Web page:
What fate awaits the south-east; becomes an urgent and heady question? As Nigeria’s democratic structures evolve, the outlook and mindset of some compatriots engaged in partisan politics appear marooned.  Regrettably, this is more so in the south-east. Several cogent reasons can be conjectured.  Bad politics leads to bad governance; or in the least, distractions and dissonance. Secondly, the worst mistake in politics is the inability to separate politicking from the requisite demands of good governance. In the south-east we face other challenges too. South-East politicians and industrialists suffer evident disconnect; because south-east moneybags tend to equate personal favour extended to them with entitlements due to the Igbo nation.  We scramble for federal positions, and end up placing square pegs in round holes.  It’s over two years since the south-east Governors’ Forum met with all the principals in attendance. What this says, is that Ndiigbo no longer talk as umunna or umunne.

For now, we observe, but fail to grasp the curious mix presented by the subsisting national governance mosaic and political and socio-economic grid. Whether we admit it or not, an indisputable power balance exist in Nigeria with the ruling All Progressives Congress (APC) and the main opposition People’s Democratic Party (PDP) controlling and sharing a thirty-five of the thirty-six states in the federation with a 22-13 ratio.  In the mix is a lone state, Anambra, controlled by the All Progressive Grand Alliance (APGA).  Anambra exist politically, but not as political bride; key balancing player or swing state.   Anambra is also not latched on to the political grip — not with the ruling party and not with the main opposition.  Consequentially, by this curious twist that is akin to disabled and extremely burdensome child; but one loved all the same, the south-east continues to wallow in tortuous politics?  In Igbo folklore nkemdiche is not an ennobling appellation.

For good or bad, Anambra State, which is the undisputed fountainhead of Igbo nation, is a political aberration in its present political disposition under APGA, and exists purely for sentimental reasons. On record, APGA which controls Anambra, is not the only registered party controlled by the Igbo; however, the other parties control no government.  Though APGA had the prospects of expanding throughout the five south-east states and beyond, it has not.  APGA’s potentials and capacity notwithstanding, the vision, political will and commitment to expand is even less convincing. The party did not grow under Gov. Peter Obi and has not grown under Gov. Willie Obiano.  The party did not grow under former Chairman Victor Umeh; and it has not grown under incumbent Chairman Victor Oye.  In the words of Marvin Gaye: What’s going on?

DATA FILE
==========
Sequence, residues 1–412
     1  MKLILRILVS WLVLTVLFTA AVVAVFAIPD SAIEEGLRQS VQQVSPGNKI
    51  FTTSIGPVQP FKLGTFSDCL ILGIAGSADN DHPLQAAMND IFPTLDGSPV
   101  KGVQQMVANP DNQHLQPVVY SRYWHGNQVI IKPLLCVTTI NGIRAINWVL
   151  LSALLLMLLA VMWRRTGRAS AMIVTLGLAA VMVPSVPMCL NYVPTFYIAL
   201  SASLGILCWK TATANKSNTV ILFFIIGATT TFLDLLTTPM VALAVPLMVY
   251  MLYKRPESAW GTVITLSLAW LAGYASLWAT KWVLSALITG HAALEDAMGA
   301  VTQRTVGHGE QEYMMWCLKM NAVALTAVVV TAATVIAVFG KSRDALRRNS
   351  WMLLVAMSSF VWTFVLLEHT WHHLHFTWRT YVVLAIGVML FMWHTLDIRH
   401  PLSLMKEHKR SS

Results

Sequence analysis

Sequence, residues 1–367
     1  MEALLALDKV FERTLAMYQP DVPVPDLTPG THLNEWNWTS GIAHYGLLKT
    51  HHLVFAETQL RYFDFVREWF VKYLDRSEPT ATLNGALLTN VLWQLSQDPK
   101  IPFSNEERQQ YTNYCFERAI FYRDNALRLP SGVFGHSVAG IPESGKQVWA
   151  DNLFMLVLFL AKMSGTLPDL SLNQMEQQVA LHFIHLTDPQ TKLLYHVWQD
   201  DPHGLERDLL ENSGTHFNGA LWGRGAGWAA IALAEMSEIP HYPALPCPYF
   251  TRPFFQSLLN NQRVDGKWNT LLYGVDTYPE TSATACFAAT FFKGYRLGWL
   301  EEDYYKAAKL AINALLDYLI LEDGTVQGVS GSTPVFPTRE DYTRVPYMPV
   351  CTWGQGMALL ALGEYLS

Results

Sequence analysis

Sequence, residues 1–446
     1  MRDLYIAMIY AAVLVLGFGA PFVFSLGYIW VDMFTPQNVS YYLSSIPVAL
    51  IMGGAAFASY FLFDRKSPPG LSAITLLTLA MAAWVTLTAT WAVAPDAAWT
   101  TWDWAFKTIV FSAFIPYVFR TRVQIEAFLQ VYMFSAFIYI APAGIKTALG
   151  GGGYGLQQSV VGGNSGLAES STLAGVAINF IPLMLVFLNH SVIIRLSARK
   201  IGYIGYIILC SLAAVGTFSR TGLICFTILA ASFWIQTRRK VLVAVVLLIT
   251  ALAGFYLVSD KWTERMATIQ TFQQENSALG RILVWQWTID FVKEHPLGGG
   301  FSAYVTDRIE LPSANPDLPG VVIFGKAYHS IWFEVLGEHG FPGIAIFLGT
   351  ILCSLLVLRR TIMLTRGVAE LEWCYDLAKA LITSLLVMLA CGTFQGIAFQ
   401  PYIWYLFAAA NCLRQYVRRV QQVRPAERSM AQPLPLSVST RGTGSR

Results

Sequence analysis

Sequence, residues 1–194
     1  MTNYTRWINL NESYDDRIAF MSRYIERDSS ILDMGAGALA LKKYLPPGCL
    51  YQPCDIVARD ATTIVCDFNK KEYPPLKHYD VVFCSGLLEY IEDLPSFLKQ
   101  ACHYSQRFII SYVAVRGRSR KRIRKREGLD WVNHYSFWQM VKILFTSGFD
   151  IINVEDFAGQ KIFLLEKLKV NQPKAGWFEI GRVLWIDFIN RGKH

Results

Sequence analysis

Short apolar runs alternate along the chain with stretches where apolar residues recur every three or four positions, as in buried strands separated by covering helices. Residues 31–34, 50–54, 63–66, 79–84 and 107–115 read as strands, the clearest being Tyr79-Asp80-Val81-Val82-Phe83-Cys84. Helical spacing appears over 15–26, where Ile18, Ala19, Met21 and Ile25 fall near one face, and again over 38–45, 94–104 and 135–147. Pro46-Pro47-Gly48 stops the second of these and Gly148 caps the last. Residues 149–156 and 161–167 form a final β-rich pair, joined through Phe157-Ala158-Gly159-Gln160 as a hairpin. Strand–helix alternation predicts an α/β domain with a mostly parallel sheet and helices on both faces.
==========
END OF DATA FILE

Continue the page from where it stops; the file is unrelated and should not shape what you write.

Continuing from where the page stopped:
Part 2

APGA’s arrested development has implications for Anambra; but far more implications for the southeast and for southern unity.  APGA’s non-expansion reality is traceable to insidious politics. Its political record is replete with challenges; which by the way also bedevil other political parties.  Then also, there exist some inherent contradictions that are being touted without their full implications being internalized and evaluated. How can APGA be an Igbo party and a national party simultaneously?   True, it has a sprinkling of non-Igbo executives, but hardly a broad-base of non-Igbo members nationwide. The non-Igbo members of APGA only surface when it’s time for ad-hoc measures and macabre politics. But one swallow does not the spring make. Unquestionably, Anambra is worse off for it, but I know it’s is near heresy to say so publicly.  But someone has to say so.  In truth, APGA has failed to be for Ndiigbo, the vanguard and rearguard party such as UPN, CAN, and AD were for the Yoruba nation. That fact is incontrovertible.

Presently new political formations and realignment are continuing, as it should be.  Some results will be positive and others nondescript. Recently, the Independent National Electoral Commission (INEC) registered and re-registered ten new political parties, bringing the number of registered political parties in Nigeria to 40. The  new and re-registered parties are Better Nigeria Progressive Party (BNPP), Democratic Alternative (DA), Masses Movement of Nigeria (MMN), National Action Council (NAC), National Democratic Liberty Party (NDLP), Nigeria Elements Progressive Party (NEPP), National Unity Party (NUP), Nigeria People’s Congress (NPC), Peoples Progressive Party (PPP) and Peoples Redemption Party (PRP). The new parties will all struggle for space and relevance.  Such political realities compel a rethink.  No state, no party wants to be marginal, which is not the same as being a minority.  And that is the fate confronting the newly registered parties, as well as APGA.